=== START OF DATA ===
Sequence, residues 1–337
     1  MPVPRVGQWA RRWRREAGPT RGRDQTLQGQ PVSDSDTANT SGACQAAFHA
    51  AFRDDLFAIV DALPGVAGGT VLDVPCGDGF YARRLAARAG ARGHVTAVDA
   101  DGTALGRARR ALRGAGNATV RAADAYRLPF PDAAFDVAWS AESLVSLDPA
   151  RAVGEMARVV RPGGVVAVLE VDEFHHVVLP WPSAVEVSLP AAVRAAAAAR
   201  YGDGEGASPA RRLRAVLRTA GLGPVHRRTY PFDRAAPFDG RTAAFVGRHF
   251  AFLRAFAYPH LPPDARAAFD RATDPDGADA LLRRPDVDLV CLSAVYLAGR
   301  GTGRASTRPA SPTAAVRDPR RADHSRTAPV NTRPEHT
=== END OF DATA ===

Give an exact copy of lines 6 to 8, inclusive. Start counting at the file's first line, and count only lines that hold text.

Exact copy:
   201  YGDGEGASPA RRLRAVLRTA GLGPVHRRTY PFDRAAPFDG RTAAFVGRHF
   251  AFLRAFAYPH LPPDARAAFD RATDPDGADA LLRRPDVDLV CLSAVYLAGR
   301  GTGRASTRPA SPTAAVRDPR RADHSRTAPV NTRPEHT